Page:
- Use a correction code to encourage students to self correct. Many teachers believe that simply ‘correcting’ students’ work in unhelpful, as they might read these comments but probably not do anything with them. A correction code can help with this, at least in theory. Instead of the teacher writing in the corrections themselves, they highlight or underline the mistake and leave a code to identify the type of mistake (or highlight in different colours if doing this digitally. For example, WR = wrong word GR = grammar issue WO = word order R = register (formality) Sp = Spelling error / / = add a word here ? = I don’t understand. If you are to use this type of correction, remember to give students ample time to work through the corrections – best done with a trusted partner whilst the teacher is monitoring or available to answer questions.
- Use Jing to record a video with corrections. If your students have completed their work digitally, the free Jing app for Windows or Mac lets you record videos of what you’re doing on your computer screen (or just a part of it) So why not open up the document in Word or Acrobat, click record, and talk your students through their word and your suggestions. Often it’s easier for us to explain corrections to students in spoken English, and many students enjoy the extra chance for listening practice. The added benefit of Jing is that videos are limited to five minutes (after which the video automatically gets uploaded to the cloud), so correcting a single piece of writing takes a maximum of ten minutes.
- Become familiar with the assessment scales for your exam. There’s no getting around the fact that if your students are to sit an exam, they will want to know how they are progressing with the level and what score their writing might get in the test. The Cambridge handbooks for teachers have lots of examples of student writing and the types of marks they would be getting, and this is a good place for you to start if you’re new to the assessment scales. There are also lesson plans and guides that you can use with your students to make them aware of these scales – remember we always need to make sure our students know how they’re being assessed.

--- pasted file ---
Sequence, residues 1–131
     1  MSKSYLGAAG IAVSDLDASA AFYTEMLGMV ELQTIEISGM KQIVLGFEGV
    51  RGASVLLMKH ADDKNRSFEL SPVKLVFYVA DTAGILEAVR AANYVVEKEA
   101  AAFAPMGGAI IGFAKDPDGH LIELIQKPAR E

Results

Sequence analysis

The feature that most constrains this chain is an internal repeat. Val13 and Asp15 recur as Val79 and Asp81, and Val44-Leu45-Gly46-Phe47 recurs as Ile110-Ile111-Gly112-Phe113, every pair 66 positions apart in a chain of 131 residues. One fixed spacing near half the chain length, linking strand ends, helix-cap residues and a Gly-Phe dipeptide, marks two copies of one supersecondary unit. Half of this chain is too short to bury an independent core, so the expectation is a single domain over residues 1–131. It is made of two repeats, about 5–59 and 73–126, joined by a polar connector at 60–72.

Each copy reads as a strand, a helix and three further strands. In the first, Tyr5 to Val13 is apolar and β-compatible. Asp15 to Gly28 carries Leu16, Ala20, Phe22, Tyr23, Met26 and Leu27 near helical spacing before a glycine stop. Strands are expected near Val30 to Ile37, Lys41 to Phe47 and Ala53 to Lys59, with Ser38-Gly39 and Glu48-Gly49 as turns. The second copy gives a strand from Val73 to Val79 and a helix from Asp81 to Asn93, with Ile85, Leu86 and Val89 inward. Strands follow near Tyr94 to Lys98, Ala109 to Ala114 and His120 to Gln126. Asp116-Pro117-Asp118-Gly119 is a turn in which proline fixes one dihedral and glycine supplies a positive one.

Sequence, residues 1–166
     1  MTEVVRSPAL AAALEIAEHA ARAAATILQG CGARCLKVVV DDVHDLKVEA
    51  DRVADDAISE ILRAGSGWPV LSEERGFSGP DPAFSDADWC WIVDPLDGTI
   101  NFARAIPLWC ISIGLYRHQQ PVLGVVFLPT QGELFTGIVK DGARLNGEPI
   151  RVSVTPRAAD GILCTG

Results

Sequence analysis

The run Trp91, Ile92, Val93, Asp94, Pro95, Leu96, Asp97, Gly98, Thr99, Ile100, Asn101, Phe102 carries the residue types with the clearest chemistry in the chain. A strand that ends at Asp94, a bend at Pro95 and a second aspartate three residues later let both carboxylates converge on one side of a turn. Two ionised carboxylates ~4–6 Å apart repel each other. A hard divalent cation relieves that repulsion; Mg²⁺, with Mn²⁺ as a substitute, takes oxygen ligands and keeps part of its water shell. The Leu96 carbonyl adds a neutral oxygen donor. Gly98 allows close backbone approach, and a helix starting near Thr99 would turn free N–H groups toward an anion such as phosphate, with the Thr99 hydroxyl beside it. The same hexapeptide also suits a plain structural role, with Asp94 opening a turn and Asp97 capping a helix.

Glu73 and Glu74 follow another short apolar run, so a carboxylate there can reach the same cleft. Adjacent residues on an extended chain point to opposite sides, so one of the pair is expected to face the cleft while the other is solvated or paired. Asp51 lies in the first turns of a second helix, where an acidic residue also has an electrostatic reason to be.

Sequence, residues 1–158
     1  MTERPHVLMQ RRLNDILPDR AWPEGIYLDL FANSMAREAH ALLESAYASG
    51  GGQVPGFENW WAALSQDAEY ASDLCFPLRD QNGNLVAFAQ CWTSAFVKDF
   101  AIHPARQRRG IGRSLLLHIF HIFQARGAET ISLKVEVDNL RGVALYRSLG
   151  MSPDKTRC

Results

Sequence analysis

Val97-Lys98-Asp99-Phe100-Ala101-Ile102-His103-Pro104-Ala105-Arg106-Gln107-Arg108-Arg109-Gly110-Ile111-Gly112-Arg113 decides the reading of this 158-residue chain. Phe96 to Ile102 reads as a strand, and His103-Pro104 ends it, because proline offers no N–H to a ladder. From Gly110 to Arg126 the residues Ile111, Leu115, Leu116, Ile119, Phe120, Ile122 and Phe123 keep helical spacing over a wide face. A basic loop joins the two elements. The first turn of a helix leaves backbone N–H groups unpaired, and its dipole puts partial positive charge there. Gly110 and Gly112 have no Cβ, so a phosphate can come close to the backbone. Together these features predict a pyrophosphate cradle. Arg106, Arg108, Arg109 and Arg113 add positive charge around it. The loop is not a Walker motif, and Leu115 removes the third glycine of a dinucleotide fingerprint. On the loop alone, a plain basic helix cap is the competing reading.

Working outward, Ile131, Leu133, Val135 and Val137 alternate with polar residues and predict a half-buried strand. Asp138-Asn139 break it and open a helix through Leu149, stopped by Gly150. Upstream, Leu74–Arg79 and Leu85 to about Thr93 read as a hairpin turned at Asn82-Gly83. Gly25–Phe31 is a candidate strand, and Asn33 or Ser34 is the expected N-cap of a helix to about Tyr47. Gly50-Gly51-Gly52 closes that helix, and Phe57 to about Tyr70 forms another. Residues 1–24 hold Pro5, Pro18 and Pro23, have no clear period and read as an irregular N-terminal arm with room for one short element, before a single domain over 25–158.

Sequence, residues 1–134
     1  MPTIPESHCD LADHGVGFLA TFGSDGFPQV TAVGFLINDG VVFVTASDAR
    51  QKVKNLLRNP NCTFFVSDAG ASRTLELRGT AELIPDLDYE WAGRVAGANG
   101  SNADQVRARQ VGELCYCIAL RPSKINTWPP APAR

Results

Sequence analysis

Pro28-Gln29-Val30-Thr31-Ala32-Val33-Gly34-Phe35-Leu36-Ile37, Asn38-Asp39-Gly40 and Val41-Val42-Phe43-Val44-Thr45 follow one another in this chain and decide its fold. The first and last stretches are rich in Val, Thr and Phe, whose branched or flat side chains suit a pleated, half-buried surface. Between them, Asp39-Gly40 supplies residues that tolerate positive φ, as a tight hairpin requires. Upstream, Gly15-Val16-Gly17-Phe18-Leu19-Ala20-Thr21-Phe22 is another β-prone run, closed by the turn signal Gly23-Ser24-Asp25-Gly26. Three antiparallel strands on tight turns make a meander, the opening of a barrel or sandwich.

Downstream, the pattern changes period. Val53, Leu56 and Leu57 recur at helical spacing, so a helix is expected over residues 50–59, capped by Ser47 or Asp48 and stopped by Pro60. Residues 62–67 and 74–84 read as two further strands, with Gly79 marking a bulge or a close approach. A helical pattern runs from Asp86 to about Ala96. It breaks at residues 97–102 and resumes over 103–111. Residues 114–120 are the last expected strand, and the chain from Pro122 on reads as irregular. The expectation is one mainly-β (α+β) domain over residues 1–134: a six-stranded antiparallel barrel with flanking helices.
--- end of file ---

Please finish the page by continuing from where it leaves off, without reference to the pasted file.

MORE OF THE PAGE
- Use the assessment scales to give feedback. This can be more challenging, especially if you don’t have a lot of experience with or confidence about the exam. There’s always a risk that as teachers we give generous marks and give students a false sense of security about their exam success. Nevertheless, using these assessment scales can give students a clear idea of their strengths and weaknesses relevant to the test. I use student-friendly ones, highlighting where on the scale I think students have performed and giving comments about what they can do to improve next time. Towards the end of a course, when students are familiar with these scales, I ask them to complete one of these self-assessment forms as they checking they work. I highlight the answers myself, and then discuss the disparities with students in tutorials. It’s lengthy and laborious – I’ll maybe do it twice in a course – but it’s definitely worth it!
- Don’t (always) give a mark. Simply put, often students will bypass all your dutiful corrections and focus on their mark. So don’t give one (all the time). Students are probably going to be frustrated with no indication of their achievement, however, so consider giving an emoji instead!